In a blog post in this space last month, I reported on an unusual Manhattan housing development which was designed to include both high end and affordable apartments. Included as a part of the project is what has been referred to as a “poor door” – a separate entrance for people who will live in the affordable units. Many officials, as well as housing advocates, have severely criticized the “poor door” concept as improper government-approved (if not unlawful) housing segregation. Indeed, my article prompted multiple government officials to reach out to me to seek more details. It is fair to say that the “poor door” concept has caught the eye of those in government who regulate housing and who enforce the federal Fair Housing Act (FHA) and its state law counterpart.
Because of the publicity, it appears as if the project will be changing. While the “poor door” is not (at least not yet) going away, the developer and city have reworked the project such that the affordable residents will have an entrance with shared access to a courtyard as well as a 12,000 foot roof deck with views of the Hudson River. The custom wood entrance will also face a four acre public park and will have a lobby with a glass facade – all changes proposed in an effort to remove the stigma of a rear alley entrance or of a back door.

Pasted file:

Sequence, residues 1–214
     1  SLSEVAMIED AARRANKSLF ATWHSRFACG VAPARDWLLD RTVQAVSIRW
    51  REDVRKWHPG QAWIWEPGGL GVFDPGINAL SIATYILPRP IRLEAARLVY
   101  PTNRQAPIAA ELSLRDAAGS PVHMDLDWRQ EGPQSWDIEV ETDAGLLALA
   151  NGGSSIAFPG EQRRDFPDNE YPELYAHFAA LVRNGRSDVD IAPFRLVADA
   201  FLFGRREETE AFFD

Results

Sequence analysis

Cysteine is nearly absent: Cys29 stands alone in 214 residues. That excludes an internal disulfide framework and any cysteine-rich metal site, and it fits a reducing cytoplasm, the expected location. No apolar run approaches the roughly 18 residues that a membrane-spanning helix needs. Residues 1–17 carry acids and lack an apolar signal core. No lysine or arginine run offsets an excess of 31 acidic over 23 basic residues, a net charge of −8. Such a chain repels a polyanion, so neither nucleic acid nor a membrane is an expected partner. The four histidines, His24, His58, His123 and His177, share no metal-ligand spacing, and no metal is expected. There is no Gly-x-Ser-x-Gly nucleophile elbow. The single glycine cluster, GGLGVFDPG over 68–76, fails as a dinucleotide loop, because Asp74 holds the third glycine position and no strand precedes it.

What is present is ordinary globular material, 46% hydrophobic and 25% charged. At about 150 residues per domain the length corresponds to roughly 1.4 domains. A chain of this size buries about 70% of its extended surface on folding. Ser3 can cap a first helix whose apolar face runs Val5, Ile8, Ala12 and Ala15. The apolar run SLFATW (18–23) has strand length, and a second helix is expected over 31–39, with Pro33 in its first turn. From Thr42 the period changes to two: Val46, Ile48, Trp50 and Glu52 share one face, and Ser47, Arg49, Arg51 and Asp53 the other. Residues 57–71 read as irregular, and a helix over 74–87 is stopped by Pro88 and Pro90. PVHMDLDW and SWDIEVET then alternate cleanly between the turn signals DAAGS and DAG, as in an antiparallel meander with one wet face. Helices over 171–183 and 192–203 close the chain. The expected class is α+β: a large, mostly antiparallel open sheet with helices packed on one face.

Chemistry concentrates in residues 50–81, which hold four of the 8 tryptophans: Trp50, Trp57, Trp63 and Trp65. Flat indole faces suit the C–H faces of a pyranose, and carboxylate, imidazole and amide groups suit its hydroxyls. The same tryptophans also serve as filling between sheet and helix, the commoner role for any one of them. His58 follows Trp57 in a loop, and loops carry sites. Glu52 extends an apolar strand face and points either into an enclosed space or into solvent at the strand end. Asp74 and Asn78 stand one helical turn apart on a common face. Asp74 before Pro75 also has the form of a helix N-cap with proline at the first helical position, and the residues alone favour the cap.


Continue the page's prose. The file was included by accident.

Again, the optics of the “poor door” are just very difficult to overcome. The fact that new affordable housing units are being proposed (in a city with real affordable housing needs) is just getting lost. As the project is just getting underway, however, it seems likely that there will be more changes before it is built and ready for occupancy. And then the building will face scrutiny from the federal government, state government, and/or City of New York as someone (likely more than one person) will file a complaint alleging that the “poor door” – even the upgraded “poor door” with amenities – still has a disparate impact on a protected class and, as such, violates the FHA and New York law. You can count on that.
Just A Thought.